With many saying the bottom has finally been reached in U.S. housing, large private equity investors have been pouring in. Many will likely spin the property holdings into a separate publicly traded REITs, something Tricon says it too would consider.
“Our bet is over time, vacant homes will fill up and markets will begin to recover,” Jonathan Gray, senior managing director and global head of real estate with Blackstone Group LP, was quoted as saying at a conference this summer. “Our exit will be to sell the individual homes to the renters themselves, or there could be a very large market for public housing REITs.”
Filings in the U.S. have already begun with Silver Bay Realty Trust Corp. announcing plans to create a REIT last month. Scottsdale, Ariz.-based American Residential Properties Inc., which acquires and manages single-family homes is another that may soon trade publicly.
Gary Berman, the president of Tricon and David Berman’s son, said his company is now a top 10 player in the U.S, for single-family homes — a significant investment for the company which has traditionally owned U.S. land.
“We expect by the end of the year to own 1,000 homes and we just started in April. We hope to have 2,500 homes under management later this year,” says Mr. Berman, noting the homes being purchased are held in a REIT within Tricon.
That will make it easier to turn what is a private REIT into a separate public entity or sell it en masse to a major pension fund investor.
Jimmy Shan, an analyst with Toronto-based Griffiths McBurney Securities, said single family homes could be the next wave of REIT formation. “That is the debate right now, whether this is a new institutional asset class,” said Mr. Shan, who follows Tricon. “The question is: ‘How much scale can get you get?’”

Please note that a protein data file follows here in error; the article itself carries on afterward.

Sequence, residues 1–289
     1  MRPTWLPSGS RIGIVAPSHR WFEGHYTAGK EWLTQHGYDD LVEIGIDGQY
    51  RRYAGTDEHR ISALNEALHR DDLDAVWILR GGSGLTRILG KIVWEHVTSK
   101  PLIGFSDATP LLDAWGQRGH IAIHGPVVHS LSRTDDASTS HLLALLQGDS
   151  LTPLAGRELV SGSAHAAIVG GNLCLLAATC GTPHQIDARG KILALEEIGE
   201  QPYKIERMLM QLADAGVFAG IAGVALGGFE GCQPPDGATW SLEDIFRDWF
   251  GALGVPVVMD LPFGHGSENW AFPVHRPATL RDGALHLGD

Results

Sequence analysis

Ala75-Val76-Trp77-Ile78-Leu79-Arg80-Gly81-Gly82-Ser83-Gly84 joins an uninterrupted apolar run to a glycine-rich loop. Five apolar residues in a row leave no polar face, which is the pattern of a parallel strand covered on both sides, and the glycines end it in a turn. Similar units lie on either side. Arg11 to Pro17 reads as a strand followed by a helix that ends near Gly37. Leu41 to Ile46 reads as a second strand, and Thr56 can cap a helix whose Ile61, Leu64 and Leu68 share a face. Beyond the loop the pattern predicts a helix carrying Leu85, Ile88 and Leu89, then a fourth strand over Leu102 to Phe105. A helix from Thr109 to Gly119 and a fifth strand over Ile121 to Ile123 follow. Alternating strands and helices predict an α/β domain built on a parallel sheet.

Mr. Shan says the operational intensity of managing individual homes makes it difficult but it is also challenging to accumulate the portfolios. “You can buy an apartment building and get 100 units, here you have to buy a home every time. I think originally U.S. guys looked at it and said ‘it’s a great concept but how do you build it and make it a $1-billion portfolio’.”
Summit Industrial REIT did it one building at a time, creating a portfolio from scratch and later selling it for $3.3-billion to Dutch investment giant ING Group in 2006.
“The upside is you do the onesies and twozies and you build a big portfolio that becomes attractive to somebody else,” said Mr. Shan. “The point is it will take time to build up a big portfolio.”
Mr. Shan currently has a buy on Tricon and target price of $6.75. He recently visited some of the company’s San Francisco holdings and came away convinced their strategy can work, adding their holdings could climb in value by 13% over five years.
He says while the vacation home properties may catch the attention of consumers, the real deals may be away from the beaches and golf courses.
“There are two markets, the distressed markets and non-distressed markets. In the non-distressed markets, and I’d put vacation homes in there to a degree, prices are not as compelling as what these guys are buying,” said Mr. Shan.